A black man stopped by Texas cops being filmed by a reality TV show died after being repeatedly tased as he begged, “I breathe” – with the final bolt coming after he cried, “Save me,” police footage shows.
“I have congested heart failure!” Javier Ambler, 40, repeatedly sobbed as officers ordered him to turn face down on the ground after he was chased for refusing to dim his headlights, the newly released footage shows.
Gasping, the former postal worker then begged several times, “I breathe!” According to footage of the fatal arrest in Austin last March that only emerged this week.
“Not resisting … Sir, I breathe!” Please. Please! ” He sobbed, as the arrest was filmed by a crew from A&E’s “Live PD,” which is accused of refusing to release the footage to investigators.
“Save me,” Ambler begged, just before a taser was deployed for the final time.
The death has been ruled a homicide – but no disciplinary action or charges have been filed, according to the Austin American-Statesman.
One of the officers was heard admitting he was “pretty sure I just broke his finger” as they cuffed him – with footage showing the officers trying to administer CPR as they failed to find a pulse.
Deputies performed CPR for four minutes, and medics worked another 50 minutes before Ambler was pronounced dead at an Austin hospital, the paper says. A death-in-custody report said he had never tried to attack any of the deputies or make any threats, the American-Statesman said.
Ambler’s parents – a retired Army veteran and a hospital clerk – said that until last week they had only been told their son had died in police custody. “Live PD” never aired the footage.
Police footage and documents only emerged after media pressure from both the Austin American-Statesman and KVUE-TV, they say.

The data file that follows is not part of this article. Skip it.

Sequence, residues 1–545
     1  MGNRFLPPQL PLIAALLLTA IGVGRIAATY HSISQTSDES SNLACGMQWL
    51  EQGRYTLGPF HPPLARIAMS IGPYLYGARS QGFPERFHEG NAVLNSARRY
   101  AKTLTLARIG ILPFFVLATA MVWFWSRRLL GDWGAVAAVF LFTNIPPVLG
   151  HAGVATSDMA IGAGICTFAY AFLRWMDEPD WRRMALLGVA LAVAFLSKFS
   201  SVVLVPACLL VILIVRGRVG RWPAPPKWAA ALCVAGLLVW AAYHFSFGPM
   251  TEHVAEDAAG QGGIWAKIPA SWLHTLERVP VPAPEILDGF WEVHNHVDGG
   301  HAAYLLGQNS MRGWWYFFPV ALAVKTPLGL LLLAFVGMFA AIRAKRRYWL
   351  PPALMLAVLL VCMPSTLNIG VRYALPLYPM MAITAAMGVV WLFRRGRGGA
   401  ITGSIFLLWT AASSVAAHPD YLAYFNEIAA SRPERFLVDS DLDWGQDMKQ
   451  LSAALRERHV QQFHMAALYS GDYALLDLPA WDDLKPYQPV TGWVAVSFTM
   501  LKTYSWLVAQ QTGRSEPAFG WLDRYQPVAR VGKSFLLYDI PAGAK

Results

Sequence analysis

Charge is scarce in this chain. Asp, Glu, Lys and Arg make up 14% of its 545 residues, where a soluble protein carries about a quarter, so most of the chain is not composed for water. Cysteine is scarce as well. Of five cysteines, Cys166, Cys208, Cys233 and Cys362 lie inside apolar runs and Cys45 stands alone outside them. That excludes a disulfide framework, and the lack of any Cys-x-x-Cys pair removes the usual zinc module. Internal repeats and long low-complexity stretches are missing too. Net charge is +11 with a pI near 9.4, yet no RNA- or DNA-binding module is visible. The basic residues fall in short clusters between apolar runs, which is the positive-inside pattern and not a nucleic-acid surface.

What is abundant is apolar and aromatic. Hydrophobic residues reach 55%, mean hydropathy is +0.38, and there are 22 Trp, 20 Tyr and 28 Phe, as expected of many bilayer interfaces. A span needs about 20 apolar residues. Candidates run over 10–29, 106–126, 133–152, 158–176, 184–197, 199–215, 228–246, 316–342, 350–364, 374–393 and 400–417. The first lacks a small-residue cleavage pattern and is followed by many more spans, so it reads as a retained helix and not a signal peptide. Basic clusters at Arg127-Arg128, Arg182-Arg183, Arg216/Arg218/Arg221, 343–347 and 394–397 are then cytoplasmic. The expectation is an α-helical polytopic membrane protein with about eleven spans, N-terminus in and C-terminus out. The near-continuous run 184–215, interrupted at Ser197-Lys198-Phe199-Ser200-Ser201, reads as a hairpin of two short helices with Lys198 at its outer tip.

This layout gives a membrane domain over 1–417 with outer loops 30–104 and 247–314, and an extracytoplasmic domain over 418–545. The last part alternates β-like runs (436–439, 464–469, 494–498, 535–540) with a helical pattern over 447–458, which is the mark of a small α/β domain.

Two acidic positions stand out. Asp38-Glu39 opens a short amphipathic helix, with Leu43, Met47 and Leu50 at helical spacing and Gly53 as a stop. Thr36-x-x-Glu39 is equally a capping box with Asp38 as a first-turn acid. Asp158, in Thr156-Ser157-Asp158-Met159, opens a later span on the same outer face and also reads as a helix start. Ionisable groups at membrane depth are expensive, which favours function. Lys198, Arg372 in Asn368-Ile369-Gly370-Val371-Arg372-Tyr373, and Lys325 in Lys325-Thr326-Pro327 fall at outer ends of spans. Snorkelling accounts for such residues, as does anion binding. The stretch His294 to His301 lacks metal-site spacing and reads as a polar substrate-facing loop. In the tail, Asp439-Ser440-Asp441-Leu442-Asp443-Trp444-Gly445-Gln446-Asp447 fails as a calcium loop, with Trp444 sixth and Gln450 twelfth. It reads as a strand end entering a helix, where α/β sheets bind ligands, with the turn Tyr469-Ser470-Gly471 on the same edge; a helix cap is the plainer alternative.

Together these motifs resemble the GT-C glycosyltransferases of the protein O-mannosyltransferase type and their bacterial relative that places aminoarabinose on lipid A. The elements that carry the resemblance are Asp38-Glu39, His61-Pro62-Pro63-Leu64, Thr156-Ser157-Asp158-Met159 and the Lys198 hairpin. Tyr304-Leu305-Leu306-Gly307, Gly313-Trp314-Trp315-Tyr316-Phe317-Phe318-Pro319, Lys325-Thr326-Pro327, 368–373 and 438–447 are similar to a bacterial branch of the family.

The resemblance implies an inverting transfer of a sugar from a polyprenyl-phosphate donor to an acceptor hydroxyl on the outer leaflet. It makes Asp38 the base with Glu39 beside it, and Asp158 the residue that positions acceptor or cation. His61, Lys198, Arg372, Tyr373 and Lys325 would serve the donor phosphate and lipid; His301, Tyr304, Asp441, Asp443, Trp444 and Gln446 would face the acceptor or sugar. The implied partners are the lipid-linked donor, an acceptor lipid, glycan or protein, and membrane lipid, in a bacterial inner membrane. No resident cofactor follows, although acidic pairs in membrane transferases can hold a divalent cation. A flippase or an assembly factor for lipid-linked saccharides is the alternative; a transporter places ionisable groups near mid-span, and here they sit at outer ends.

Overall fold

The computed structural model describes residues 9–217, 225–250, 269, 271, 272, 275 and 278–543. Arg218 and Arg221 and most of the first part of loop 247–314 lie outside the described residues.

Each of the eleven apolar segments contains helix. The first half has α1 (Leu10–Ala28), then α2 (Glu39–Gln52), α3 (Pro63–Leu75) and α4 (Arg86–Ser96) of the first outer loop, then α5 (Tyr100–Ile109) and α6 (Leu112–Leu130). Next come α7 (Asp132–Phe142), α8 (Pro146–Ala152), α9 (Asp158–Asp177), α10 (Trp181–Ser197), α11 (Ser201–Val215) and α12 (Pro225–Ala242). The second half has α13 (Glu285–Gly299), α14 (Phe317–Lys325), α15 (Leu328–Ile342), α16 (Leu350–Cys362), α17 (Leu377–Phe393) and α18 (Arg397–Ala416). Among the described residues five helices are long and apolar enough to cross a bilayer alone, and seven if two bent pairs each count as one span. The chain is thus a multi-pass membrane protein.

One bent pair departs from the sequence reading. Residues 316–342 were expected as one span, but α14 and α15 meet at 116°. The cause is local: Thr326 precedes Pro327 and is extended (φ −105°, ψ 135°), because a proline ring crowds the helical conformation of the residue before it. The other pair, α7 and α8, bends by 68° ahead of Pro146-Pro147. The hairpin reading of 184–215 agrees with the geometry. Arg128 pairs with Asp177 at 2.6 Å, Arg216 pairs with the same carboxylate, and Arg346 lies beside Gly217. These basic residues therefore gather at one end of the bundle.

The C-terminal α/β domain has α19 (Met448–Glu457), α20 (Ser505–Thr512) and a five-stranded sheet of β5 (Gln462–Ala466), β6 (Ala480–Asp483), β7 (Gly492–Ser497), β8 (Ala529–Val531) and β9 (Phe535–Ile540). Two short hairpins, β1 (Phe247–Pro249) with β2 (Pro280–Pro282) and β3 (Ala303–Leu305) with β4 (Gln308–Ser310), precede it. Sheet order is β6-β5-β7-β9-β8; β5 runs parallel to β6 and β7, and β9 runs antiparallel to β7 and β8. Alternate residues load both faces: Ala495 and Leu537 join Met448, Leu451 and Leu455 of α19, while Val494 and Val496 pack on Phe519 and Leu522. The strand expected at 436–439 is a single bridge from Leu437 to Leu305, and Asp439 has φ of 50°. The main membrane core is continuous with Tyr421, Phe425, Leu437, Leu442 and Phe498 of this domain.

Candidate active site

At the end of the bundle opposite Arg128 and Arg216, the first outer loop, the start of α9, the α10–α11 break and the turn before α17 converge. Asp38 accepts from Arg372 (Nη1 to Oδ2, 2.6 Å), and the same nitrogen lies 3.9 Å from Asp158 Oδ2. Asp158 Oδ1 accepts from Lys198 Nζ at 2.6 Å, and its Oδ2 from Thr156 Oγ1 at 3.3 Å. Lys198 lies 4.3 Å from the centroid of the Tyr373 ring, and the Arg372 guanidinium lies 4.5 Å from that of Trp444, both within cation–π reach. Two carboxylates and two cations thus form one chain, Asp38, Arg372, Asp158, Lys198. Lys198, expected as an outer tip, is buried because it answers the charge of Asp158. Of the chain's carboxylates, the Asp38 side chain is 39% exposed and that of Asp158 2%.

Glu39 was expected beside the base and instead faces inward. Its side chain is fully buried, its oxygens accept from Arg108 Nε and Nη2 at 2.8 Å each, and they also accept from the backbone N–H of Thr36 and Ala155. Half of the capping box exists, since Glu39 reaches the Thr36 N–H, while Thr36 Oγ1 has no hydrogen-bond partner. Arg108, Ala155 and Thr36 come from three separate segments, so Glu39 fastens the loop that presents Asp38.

Travis County District Attorney Margaret Moore told both media outlets that she plans to plan to present the case to a grand jury.
She accused both Williamson County Sheriff Robert Chody and “Live PD” producers of repeated stonewalling efforts to obtain evidence or interviews, the reports said.
The DA was also concerned that the TV crew may have influenced the officers’ tactics. The officer who chased Ambler, Deputy J.J. Johnson – who is black – had a “Live PD” crew with him, as did his first-response backup, Deputy Zachary Camden, who was white.
“It is of grave concern to any of us who are in law enforcement that the decision to engage in that chase is driven by more of a need to provide entertainment than to keep Williamson County citizens safe,” Moore told the outlets.
Ambler’s death was ruled a homicide, but there is no indication that the deputies faced any action or were forced to take time off, the reports said.
An autopsy showed he died of congestive heart failure and cardiovascular disease associated with morbid obesity “in combination with forcible restraint,” the two outlets said.
Ambler’s mother, Maritza Ambler, told KVUE-TV that she warned him to be wary when dealing with law enforcement. “I would mention it to him, just to remind him, he is a minority,” she said. “You have that against you, your color.”
His father, Javier Ambler Sr., told the station he needed help for depression because of the death. “Dads should not have to bury their sons,” he said.